I'm not offended by women your age seeking fertility treatment. What makes you think that? I just think in your situation you're opening yourself up for more heartache not less and tbh every time you post irritably it make me think that more and more. Your family and friends will raise the same issues - will you believe that they are concerned for your welfare?
Is there a pulling hair out emoticon?
Northern Lurker - you have completely derailed this with unnecessary stuff, so if anyone has the patience to trawl through, can I please ask them the questions in the post I did at 14:40 where I try to recover my originally badly worded question?
I am not 'completely set' that I will conceive and carry to term or I wouldn't be asking these things, would I?
I don't need someone who obviously completely disagrees with me even posting this to express concern, and I'm not offended, just utterly bemused that you would feel that way. I can't see why it would matter to you in the slightest.
I don't necessarily think that generalised 'Scots' are the only people I should be asking here as there may be those who have moved, those who work in clinics, those who work in reproductive health who can help.
I didn't start a thread about any conditions I have specifically, so it would derail any further to go into that, but thanks for the really obvious suggestion.
Are you particularly offended by women of 'my age' asking questions about fertility treatment?
OP - it seems that you are absolutely set that you will conceive and carry to term and I think that crazyhead and I were expressing concern for you because the liklihood is that won't be the case. I'm sorry if the offended you but I won't apologise for feeling concern.
I would suggest starting a specific thread in Infertility asking for clinic recommendations from Scots and then give those clinics a ring to ask your other questions. I think the bigger cost will be the screening though - and that may not be a service that easy to come by. Could you travel to England if necessary?
I notice you didn't answer my question about diabetes. That's your perogative of course but if that is your diagnosis I would suggest some pre-conception discussions with your medical team to ensure you are as well placed as possible to continue to manage the condition in pregnancy.
WouldBeHarrietVane - thanks for that; it came through as I was trying to be a much clearer OP .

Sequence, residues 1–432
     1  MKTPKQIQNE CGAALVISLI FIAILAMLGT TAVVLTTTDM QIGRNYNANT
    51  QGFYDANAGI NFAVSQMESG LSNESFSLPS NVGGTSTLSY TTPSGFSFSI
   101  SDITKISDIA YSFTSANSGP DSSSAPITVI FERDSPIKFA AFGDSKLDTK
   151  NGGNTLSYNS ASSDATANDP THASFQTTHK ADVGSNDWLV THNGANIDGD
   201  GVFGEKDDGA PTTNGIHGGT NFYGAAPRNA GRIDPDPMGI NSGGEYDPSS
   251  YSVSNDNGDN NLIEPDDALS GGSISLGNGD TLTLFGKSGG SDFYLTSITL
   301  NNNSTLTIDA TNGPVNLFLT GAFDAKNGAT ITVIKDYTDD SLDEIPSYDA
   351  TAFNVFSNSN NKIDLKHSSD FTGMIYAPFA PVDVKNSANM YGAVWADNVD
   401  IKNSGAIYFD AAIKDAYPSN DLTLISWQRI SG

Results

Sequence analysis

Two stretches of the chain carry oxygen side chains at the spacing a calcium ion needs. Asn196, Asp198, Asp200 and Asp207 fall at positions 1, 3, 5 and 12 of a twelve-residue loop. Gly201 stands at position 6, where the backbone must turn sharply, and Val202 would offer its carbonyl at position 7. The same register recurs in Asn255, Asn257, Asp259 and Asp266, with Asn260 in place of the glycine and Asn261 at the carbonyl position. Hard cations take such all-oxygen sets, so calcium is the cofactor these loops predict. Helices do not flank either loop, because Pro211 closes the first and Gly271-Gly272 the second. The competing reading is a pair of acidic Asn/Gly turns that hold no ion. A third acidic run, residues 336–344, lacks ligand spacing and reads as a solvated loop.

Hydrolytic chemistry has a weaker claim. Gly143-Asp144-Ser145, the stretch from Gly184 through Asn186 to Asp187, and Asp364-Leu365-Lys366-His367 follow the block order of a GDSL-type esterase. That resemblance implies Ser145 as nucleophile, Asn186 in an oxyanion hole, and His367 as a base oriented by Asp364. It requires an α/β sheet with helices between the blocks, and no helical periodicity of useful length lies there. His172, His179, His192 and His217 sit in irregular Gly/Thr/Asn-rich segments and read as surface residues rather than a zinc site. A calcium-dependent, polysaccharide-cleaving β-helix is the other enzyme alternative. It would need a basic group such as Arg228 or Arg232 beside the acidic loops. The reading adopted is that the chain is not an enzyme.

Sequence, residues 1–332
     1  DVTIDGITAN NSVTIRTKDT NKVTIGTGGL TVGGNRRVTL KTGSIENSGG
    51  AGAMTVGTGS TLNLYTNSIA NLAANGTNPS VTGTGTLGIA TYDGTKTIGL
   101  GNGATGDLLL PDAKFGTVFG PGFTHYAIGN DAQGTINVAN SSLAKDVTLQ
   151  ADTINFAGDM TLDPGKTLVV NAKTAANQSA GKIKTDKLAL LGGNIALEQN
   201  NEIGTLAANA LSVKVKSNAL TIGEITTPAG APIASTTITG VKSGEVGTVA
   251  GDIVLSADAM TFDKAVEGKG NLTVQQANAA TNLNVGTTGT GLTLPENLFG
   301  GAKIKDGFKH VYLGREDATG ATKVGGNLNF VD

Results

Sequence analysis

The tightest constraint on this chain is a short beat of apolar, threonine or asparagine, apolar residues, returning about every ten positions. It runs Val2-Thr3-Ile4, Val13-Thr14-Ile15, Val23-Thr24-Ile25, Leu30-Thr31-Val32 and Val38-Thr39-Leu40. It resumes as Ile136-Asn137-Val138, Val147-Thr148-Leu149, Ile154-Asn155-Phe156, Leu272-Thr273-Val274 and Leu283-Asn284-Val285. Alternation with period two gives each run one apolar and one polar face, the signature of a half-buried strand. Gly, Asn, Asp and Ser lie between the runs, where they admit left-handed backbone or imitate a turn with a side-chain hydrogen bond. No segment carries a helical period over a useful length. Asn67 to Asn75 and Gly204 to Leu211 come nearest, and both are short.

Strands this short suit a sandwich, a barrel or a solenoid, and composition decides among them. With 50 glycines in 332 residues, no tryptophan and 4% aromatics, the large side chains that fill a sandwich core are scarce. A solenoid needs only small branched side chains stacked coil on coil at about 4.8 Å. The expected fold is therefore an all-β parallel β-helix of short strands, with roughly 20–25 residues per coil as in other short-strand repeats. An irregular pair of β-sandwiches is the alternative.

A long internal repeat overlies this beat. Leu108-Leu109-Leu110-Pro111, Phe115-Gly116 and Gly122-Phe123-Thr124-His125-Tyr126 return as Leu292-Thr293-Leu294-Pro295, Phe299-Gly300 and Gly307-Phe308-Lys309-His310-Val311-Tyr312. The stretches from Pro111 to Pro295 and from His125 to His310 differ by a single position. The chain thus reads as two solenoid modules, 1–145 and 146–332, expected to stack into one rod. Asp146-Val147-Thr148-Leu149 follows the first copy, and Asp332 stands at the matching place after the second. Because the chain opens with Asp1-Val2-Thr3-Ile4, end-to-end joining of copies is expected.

You really don't have to fear for me - and I don't see why you would?
Anyway, the reality is that I must have written a really appalling post. I was actually asking about the process and only have some background so that it didn't seem like drip feeding, or that I was attention seeking by getting people to ask me questions.
The whole issue of donor eggs is moot and not one I raised.
Thanks for the sad emoticons though . . .
So - if I wrote this again, I'd say:
does my age mean that I wouldn't be considered for IVF other than by dodgy places?
if I would, can anyone tell me what the reputable private IVF clinics are in Scotland?
can anyone give me an idea of cost for one cycle?
can anyone tell me whether you simply call them up, or whether you need a referral?
can anyone tell me whether the tests and procedures are more complicated with a BT or would they cover that anyway as usual?
My friend has just had a DS at 47 (we assume via donor eggs and ivf though have not asked her as I don't want to pry). Another friend recently had a dd at 46 , conceiving naturally after a mc. They are both very happy and both children are healthy. I don't think 47 is too old.
I say definitely go and get the info. Then make a decision as to what course is in the best interests of you, oh, any baby and your existing dc.
I think so too northernlurker
OP I meant your chances would be much better with donor eggs, so sorry for my appalling grammar.
Join the discussion
Registering is free, easy, and means you can join in the discussion, get discounts, win prizes and lots more.Register now
Already registered with Mumsnet? Log in to leave your comment or alternatively, sign in with Facebook or Google.
Please login first.